Rujak jamblang is a spicy fruit salad made by mixing slices of Java plum with a flavorful sauce made from chili, tamarind, brown sugar, and shrimp paste. The combination of sweet, spicy, and savory flavors creates a taste sensation that is both refreshing and satisfying. This dish is a testament to Indonesia’s culinary creativity and its ability to transform local fruits into culinary delights.
Technically speaking, jeruk Kintamani, or Kintamani oranges, don’t refer to one specific type of orange but rather to the area where the fruit is grown. Kintamani is a district located on the west side of Mount Batur. It’s a highland area with beautiful mountainous views all around – making it a perfect ground to farm oranges.
Oranges produced in Kintamani are known among Indonesians to be extraordinarily sweet with a hint of sourness that makes oranges – well, oranges. Kintamani oranges have become a hallmark of Bali’s unique flavors and agricultural heritage.
Most farmers around Kintamani grow jeruk siam (tangerines), which you should definitely give a try the next time you visit Bali. These golf-ball-sized citric delicacies boast a harmonious blend of sweetness with a gentle tang, making them a preferred choice for those seeking a refreshing and natural citrus experience.
Beyond snacking and juicing, Kintamani oranges find their way into a spectrum of culinary delights, from vibrant salads to delectable desserts. Their presence in Balinese cuisine is a testament to their universal appeal.
For local tourists, jeruk Kintamani serves as a beloved souvenir, reflecting the essence of Bali’s agricultural bounty. You can readily find these oranges in local markets and roadside stalls, making it convenient for visitors to take a piece of Bali’s flavors back home. But for the most authentic taste, you should get the ones sold around Kintamani.
In the tropical paradise of Bali, the pomelo, known locally as jeruk Bali or limau Bali, reigns as a citrus giant. This oversized fruit, resembling a grapefruit but with a milder flavor, has earned a special place in Indonesian cuisine and culture.
Pomelos in Bali are prized for their large size, thick green or yellow rind, and sweet, juicy flesh. They are commonly enjoyed fresh, with the segments separated and savored as a refreshing snack.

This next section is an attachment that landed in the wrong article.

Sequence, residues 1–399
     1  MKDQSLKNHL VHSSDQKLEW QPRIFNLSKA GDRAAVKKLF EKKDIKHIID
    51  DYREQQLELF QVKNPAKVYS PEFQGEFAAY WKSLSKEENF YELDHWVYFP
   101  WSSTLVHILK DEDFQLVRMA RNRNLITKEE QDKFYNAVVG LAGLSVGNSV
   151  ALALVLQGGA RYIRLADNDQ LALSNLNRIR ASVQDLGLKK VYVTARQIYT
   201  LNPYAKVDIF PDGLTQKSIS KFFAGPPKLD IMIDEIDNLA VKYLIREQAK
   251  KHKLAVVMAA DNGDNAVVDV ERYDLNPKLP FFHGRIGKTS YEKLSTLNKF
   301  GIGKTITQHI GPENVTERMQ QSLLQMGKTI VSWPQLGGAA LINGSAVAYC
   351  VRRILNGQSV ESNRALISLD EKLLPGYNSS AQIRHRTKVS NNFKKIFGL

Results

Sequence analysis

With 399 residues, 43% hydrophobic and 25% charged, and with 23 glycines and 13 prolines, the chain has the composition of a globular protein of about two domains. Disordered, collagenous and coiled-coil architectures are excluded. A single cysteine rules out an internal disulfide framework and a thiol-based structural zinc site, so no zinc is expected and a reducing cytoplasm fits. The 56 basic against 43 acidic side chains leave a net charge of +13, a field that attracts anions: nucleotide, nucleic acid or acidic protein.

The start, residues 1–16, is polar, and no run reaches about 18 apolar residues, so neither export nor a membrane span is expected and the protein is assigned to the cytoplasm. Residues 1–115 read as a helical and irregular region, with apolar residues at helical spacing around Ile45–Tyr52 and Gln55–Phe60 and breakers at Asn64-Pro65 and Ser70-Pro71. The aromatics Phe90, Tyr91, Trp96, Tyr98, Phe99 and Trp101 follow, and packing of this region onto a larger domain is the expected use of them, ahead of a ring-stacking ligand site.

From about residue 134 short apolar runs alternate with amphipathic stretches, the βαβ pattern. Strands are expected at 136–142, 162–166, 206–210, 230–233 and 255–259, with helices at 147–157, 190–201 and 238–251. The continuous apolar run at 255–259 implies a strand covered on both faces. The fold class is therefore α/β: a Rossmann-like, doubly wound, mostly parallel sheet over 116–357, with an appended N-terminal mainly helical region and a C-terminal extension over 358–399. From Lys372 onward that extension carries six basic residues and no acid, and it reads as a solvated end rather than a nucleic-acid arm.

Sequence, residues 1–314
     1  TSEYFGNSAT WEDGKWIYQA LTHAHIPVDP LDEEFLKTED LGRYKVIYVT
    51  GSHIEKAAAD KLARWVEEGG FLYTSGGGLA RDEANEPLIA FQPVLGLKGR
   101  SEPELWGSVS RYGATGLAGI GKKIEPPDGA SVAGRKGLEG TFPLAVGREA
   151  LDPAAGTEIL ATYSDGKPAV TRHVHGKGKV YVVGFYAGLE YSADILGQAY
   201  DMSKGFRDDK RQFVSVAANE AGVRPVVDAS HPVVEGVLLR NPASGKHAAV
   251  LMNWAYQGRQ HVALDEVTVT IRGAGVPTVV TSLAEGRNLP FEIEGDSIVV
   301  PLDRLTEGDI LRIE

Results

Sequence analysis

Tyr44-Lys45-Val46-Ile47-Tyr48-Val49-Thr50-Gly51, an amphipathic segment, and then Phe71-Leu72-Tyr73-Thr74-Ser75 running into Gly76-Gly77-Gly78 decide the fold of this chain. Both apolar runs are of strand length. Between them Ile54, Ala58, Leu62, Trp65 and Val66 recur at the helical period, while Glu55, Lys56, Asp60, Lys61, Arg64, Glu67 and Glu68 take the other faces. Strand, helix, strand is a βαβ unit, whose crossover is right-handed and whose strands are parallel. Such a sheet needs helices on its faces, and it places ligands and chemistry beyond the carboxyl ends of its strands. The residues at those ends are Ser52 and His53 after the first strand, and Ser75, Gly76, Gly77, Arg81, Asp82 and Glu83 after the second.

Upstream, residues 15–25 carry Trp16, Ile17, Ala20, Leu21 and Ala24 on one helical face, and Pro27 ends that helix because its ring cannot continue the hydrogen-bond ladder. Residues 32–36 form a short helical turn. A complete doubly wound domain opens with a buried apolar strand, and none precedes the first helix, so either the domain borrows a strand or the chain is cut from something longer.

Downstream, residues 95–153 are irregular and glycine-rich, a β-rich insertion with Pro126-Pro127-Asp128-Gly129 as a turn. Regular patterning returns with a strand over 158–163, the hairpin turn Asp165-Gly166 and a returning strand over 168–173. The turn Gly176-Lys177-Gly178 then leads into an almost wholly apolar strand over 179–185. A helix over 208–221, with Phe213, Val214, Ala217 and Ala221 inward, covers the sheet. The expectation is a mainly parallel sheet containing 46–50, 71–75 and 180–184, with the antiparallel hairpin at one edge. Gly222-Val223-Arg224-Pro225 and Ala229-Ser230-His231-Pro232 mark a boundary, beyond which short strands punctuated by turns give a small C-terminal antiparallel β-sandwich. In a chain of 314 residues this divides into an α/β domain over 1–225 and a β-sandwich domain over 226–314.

Delightfully refreshing as a snack, you can also find pomelos in many Balinese cuisines. The locals are particularly fond of candied pomelo and using them in fruit salads. But if you’re the daring type, they also sell pickled pomelo rind. Yes, you read that right. You can eat the thick inedible peel of the pomelo once it’s pickled.
Aside from its popularity as a delicacy, pomelos also hold a special spiritual value in Bali. During special occasions and ceremonies, pomelos are often used as offerings and decorations, symbolizing prosperity and blessings.
Boni is a fruit from a rare species of tree that grows throughout Bali, Java, and Sumatra. The buni fruit is a type of wild berry that can be found in fruit markets across Bali. These small and round berries grow in clusters and come in white, reddish, and black colors. Although the buni fruit is not as well-known as other tropical fruits, it is still cherished for its unique taste and versatility in local cuisine.
The buni fruit can be eaten fresh or used as an ingredient in various dishes. Its sweet and slightly tangy flavor makes it a refreshing snack on a hot day. You can also find the buni fruit can be added to salads to provide a burst of flavor and texture. Its vibrant colors make salads more visually appealing. In some traditional Balinese dishes, the buni fruit is cooked into a sauce or jam. This sauce adds a unique fruity flavor to savory dishes such as grilled meats or roasted vegetables.
Unfortunately, the availability of the buni fruit may vary depending on the season and location. It’s best to visit local markets or ask locals for recommendations on where to find this delightful fruit.
Among the must-try tropical fruits in Bali, ambarella, fondly known locally as kedondong, stands out as a delightful culinary discovery. With its sweet and tangy flavor, it adds a unique dimension to Bali’s vibrant fruit offerings.
When eaten fresh, kedondong is a refreshing snack, with the fruit’s firm, green skin giving way to juicy, tart-sweet flesh. The balance between sour and sweet makes it a delightful treat, especially on a warm Balinese day.
Kedondong’s tangy flavor is often harnessed in savory dishes, where it’s used to create sauces and pickles. You may encounter it in traditional Indonesian salads and condiments, adding a zesty twist to the flavors.
In Bali, kedondong’s versatility shines in a range of culinary applications, from fruit salads to spicy sambal condiments. Its ability to enhance both sweet and savory dishes makes it a beloved and integral part of Balinese gastronomy.
The nyuh gading, or yellow coconut, holds a special place as one of the island’s delightful and refreshing treasures. Unlike the more common green coconuts, nyuh gading distinguishes itself with its vibrant yellow-green husk.
The water and flesh of nyuh gading are typically enjoyed fresh. Its sweet and electrolyte-rich water provides a much-needed respite from Bali’s warm climate. It also has a versatile use in Balinese cuisine. The soft, jelly-like flesh of this coconut variety adds a creamy texture and a mildly sweet flavor to a range of dishes. You can find it in traditional Indonesian desserts such as es teler, where it’s combined with other fruits and ingredients to create a delightful treat.
Beyond its culinary applications, nyuh gading plays a vital role in Balinese traditional rituals and ceremonies. Hindus in Bali use nyuh gading in religious practices, symbolizing purity and blessings. Whether this is your first or hundredth visit to Bali, these fruits are must-try delicacies that you may not be able to find back home – especially if you’re from a sub-tropical country. So, be sure to give them a taste before you have to catch your flight back home.